The Washington region's top leaders yesterday called for a summit with federal officials to address their concerns that local governments were kept in the dark during this week's anthrax scare.
D.C. Mayor Anthony A. Williams (D) joined an angry chorus of state and local leaders and members of Congress who said the Department of Defense failed to adequately warn the region that it was investigating a possible anthrax threat Monday morning at a Pentagon mailroom. Fairfax County officials said they learned about the incident hours later, after their emergency workers responded to a call about a suspicious biological substance at a Defense Department mailroom in Baileys Crossroads.
Transcript: Fairfax's Gerald E. Connolly (D) discussed coordination between government officials.
Events Leading to Anthrax Alert
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Anthrax Alarm Uncovers Response Flaws (The Washington Post, Mar 17, 2005)
New Tests For Anthrax Negative (The Washington Post, Mar 16, 2005)
Officials Say Fairfax Was Out of Loop (The Washington Post, Mar 16, 2005)
Anthrax Facts (The Washington Post, Mar 16, 2005)
Negative Results But Very Real Fears (The Washington Post, Mar 16, 2005)
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A series of tests at the two sites indicated Tuesday that there was no public health threat. Investigators called the incidents, which were four miles apart, an apparent coincidence. But elected leaders warned that a similar lack of coordination in a biological attack could be devastating.
"This may well be forgiven given the way the testing is coming out, but it certainly can't be excused," Williams told reporters yesterday at his weekly news conference. "Not to have upfront contacts with the Department of Defense really is inexcusable."
Williams said he will be talking with Virginia Gov. Mark R. Warner (D) about how to proceed. "It really sets back our regional response efforts," the mayor said.
The three affected buildings in the Skyline complex on Route 7 in Fairfax were cleared to reopen this morning, except for one suite still being tested.
Rep. Thomas M. Davis III (R-Va.) yesterday called for a "regional response summit."
"We've spent a lot of time and money to improve regional coordination and preparedness," said David Marin, deputy staff director for Davis. "But this week's scare suggests we're not ready for prime time yet."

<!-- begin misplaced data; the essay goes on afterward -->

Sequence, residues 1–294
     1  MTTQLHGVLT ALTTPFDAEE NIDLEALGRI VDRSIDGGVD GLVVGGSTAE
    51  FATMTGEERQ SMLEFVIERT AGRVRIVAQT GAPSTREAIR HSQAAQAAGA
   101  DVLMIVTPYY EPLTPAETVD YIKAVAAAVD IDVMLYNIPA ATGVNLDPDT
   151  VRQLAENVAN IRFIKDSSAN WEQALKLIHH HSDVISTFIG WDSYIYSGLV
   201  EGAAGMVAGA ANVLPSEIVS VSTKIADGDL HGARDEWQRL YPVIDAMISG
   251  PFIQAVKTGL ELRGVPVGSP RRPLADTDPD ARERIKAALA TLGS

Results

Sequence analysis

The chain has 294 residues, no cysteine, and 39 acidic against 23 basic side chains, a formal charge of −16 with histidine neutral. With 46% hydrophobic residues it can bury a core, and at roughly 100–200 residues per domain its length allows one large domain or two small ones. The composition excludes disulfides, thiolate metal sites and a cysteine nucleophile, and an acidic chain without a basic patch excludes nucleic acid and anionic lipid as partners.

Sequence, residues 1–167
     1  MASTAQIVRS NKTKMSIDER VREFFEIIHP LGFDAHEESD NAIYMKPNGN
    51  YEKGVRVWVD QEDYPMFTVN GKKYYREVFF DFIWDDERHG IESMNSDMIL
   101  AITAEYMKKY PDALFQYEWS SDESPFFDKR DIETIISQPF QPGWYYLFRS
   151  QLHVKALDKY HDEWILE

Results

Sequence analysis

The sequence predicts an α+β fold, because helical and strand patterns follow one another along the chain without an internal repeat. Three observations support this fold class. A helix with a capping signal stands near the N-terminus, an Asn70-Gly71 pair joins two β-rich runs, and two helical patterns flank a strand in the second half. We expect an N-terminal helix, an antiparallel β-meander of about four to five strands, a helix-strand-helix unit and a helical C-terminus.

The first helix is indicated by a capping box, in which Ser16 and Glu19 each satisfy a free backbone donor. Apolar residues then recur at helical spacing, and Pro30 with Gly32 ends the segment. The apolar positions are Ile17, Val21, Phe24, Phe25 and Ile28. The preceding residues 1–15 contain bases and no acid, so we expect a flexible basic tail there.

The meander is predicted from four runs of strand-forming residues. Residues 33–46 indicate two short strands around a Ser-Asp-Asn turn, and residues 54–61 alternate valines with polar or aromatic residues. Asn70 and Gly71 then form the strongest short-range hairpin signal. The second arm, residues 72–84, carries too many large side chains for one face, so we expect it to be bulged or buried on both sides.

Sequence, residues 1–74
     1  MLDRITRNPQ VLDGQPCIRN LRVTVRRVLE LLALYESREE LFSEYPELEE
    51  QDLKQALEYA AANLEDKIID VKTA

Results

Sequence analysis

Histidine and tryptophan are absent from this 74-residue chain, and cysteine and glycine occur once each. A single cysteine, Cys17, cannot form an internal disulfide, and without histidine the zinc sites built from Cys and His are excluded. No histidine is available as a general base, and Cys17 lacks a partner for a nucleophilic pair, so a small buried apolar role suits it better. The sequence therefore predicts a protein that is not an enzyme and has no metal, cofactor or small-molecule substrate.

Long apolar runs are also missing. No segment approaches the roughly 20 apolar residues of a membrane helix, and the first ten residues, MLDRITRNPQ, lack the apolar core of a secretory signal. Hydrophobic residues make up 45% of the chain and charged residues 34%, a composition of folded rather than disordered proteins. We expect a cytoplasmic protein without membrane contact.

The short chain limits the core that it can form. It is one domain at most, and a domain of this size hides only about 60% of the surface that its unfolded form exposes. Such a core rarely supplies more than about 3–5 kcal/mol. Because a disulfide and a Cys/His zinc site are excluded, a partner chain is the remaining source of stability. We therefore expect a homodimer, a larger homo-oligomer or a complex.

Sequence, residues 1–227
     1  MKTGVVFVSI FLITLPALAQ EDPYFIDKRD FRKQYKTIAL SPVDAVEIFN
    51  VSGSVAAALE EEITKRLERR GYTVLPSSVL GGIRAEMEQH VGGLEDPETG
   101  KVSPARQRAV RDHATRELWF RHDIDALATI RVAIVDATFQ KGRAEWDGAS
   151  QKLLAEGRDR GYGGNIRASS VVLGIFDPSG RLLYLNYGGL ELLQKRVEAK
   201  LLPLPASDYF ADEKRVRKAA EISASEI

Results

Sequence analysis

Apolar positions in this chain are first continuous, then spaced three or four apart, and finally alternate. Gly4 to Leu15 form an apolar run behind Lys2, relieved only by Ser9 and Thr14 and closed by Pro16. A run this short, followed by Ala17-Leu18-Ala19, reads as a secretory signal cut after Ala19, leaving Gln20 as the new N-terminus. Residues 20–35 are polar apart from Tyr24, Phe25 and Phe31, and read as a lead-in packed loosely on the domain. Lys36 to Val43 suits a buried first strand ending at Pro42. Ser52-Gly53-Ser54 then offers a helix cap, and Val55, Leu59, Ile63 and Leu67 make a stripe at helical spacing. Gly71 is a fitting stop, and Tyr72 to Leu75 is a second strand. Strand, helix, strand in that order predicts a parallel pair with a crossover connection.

Davis pledged to gather federal, state and local officials to deconstruct, hour by hour, who was informed about the Pentagon investigation and when. Pentagon officials said they followed protocol, calling the Arlington fire department about 10:30 a.m. Monday after the mailroom reported a positive alert for anthrax from a sensor. Arlington has jurisdiction because the Pentagon is in that county.
Pentagon officials said yesterday they notified other fire departments in the region at 12:10 p.m.
"Fairfax was called," Pentagon spokesman Glenn Flood said yesterday. "I cannot speak to every individual who feels he or she should have been notified, but the system of notification worked."
Dan Schmidt, spokesman for the Fairfax Fire and Rescue Department, disputed that a call from the Pentagon was received. "We do not know of any sharing of information of the Pentagon facility event," Schmidt said. At 2:30 p.m., Fairfax responded to the Baileys Crossroads complex after a sensor gave an alert in a Defense Department mailroom there.
Fairfax Board of Supervisors Chairman Gerald E. Connolly (D) said he learned of the Pentagon incident at 4:20 p.m. from the county's emergency management coordinator, who learned of it from his counterpart in Arlington.
Flood said an official with the Pentagon Force Protection Agency called numerous fire departments "in the immediate vicinity of the Pentagon" to inform them that an investigation of hazardous materials was underway.